We first meet Victoria Jones on her 18th birthday, the day that she was to be emancipated from the foster care system, free to live on her own for the first time. Her entire life she had lived in one foster home after another. The only consistent presence in her life was Meredith Combs, the social worker assigned to her case who refused to give up on her.
At age 9 Victoria was given one more chance and went to live with Elizabeth a women who truly understood her and was willing to do whatever was necessary to make their new arrangement work. Victoria grew to love and trust Elizabeth and through Elizabeth learned about the Victorian Language of flowers. She finally had a chance for happiness but managed to sabotage even this relationship, something that would haunt her for years to come.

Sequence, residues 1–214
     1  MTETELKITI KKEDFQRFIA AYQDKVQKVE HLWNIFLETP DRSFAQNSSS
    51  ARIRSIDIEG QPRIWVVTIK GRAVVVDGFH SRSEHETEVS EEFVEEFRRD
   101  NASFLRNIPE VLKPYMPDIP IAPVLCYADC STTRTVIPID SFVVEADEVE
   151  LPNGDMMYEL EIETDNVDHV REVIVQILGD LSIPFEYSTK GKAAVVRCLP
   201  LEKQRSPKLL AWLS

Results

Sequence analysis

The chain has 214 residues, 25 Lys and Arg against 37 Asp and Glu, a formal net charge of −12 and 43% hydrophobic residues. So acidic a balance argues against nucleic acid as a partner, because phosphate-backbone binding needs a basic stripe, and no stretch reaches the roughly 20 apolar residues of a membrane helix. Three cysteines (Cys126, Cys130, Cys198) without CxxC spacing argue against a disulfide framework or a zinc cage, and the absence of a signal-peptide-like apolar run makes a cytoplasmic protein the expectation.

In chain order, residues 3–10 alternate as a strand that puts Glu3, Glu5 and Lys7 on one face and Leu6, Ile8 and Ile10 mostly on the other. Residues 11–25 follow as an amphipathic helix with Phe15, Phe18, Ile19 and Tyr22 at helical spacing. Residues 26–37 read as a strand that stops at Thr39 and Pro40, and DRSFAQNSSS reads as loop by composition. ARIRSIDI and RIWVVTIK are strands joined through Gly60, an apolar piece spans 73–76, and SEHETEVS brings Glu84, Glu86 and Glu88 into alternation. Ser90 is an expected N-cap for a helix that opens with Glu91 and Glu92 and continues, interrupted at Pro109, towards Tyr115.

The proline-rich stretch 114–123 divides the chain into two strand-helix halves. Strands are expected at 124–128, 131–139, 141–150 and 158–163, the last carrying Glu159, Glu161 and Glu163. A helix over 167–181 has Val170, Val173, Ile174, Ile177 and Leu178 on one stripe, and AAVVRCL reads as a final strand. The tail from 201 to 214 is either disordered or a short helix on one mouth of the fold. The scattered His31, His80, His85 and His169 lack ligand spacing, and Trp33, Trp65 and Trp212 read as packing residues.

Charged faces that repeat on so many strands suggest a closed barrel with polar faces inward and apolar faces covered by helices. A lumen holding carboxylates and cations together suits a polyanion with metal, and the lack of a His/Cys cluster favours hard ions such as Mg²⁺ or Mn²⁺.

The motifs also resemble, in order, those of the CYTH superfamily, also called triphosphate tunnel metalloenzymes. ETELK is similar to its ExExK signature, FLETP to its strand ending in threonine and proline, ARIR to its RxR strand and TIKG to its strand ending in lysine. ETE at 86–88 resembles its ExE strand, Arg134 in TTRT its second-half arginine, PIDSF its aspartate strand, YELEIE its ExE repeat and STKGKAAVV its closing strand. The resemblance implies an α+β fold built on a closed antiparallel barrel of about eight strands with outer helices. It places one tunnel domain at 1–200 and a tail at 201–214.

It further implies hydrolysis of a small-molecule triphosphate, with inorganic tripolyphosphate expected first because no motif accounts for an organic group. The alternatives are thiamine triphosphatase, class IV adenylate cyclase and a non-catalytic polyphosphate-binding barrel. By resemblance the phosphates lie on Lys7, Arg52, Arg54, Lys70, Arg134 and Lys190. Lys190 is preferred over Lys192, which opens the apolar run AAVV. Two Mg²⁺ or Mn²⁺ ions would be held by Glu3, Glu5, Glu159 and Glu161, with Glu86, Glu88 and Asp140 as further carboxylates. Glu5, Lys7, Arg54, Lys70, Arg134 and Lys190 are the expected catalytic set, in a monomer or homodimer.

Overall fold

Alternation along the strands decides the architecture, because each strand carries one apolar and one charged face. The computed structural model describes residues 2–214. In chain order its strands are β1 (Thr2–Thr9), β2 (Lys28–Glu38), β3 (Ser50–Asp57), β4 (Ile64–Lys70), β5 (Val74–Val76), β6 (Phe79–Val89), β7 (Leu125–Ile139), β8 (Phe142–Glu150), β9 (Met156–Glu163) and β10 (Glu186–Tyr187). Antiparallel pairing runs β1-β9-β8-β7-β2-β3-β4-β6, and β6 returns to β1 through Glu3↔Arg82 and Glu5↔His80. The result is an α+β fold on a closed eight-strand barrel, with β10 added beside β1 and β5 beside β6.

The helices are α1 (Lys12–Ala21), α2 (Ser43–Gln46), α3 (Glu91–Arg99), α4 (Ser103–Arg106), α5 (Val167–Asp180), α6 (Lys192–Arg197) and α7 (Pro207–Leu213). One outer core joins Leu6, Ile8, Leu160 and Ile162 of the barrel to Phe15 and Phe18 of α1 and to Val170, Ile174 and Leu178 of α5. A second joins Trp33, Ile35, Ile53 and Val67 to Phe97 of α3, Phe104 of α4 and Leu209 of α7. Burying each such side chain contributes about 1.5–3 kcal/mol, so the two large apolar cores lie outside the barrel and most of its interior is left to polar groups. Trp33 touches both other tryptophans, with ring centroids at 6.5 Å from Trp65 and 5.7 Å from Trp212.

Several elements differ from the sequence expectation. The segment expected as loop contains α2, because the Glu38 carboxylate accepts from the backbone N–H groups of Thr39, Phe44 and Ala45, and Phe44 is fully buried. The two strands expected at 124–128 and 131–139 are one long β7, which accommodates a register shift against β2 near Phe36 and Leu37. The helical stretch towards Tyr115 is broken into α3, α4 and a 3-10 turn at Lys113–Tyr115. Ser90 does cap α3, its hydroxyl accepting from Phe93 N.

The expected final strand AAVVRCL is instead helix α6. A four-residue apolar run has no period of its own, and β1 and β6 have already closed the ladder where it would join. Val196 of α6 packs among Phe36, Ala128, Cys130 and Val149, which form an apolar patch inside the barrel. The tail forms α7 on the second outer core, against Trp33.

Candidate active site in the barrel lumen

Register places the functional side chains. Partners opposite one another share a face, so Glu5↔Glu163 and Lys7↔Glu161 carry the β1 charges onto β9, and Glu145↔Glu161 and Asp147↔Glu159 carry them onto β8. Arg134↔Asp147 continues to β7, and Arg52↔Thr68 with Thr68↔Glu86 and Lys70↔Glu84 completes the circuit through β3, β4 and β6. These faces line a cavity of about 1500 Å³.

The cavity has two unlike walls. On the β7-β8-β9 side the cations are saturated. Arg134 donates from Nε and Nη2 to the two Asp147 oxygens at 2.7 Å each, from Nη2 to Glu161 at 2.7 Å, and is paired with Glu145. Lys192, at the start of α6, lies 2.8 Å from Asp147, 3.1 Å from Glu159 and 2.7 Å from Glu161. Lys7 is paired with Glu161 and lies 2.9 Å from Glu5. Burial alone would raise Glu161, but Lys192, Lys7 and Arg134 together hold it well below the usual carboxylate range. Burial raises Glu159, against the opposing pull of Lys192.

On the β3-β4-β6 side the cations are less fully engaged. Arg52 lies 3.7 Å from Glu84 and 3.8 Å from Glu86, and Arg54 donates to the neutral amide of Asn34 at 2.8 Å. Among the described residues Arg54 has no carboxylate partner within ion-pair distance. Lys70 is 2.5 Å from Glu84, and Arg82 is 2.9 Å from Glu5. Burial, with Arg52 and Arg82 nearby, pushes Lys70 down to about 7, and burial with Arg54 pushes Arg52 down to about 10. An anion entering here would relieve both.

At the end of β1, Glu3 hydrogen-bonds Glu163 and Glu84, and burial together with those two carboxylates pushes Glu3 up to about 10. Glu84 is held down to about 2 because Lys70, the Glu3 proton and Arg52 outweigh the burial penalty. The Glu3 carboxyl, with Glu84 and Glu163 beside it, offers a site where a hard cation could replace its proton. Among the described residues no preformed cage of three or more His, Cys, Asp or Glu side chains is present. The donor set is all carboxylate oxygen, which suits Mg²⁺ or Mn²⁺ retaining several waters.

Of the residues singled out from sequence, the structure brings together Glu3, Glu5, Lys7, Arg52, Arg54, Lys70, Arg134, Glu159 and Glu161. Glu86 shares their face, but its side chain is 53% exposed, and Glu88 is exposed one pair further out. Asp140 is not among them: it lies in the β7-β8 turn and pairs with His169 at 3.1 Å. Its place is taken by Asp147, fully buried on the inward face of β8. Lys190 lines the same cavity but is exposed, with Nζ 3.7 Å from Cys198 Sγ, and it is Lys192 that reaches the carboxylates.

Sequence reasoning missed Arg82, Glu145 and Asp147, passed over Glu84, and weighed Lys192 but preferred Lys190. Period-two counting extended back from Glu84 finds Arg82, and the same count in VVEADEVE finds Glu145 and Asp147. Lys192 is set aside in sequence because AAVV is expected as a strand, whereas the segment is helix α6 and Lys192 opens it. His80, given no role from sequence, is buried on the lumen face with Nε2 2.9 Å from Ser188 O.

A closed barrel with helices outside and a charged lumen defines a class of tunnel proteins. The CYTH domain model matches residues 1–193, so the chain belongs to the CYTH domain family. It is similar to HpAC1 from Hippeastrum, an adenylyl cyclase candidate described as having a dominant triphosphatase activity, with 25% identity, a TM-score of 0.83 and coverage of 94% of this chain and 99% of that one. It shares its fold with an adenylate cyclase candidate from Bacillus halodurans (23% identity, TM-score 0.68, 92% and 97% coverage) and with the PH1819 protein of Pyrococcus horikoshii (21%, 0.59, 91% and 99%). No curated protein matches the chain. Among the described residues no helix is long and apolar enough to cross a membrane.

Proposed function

This moving story alternates back and worth between the past and the present. Victoria struggles to over come her past, never forgetting Elizabeth and what she had taught her about flowers.
Aloe (Aloe vera)….. grief
Baby’s breath (Gypsoplila paniculata)……everlasting love
Haxel (Corylus)….. reconciliation
The Language of Flowers is about grief, love, reconciliation, trust, guilt and so much more. My heart ached for Victoria, and I was not willing to give up on her either as she struggled to make a life for herself. Vanessa Diffenbaugh, a foster care mother herself, does an amazing job of portraying the mindset of a child failed by the system. I could not put this book down. The Language of Flowers will be in book stores August 23rd.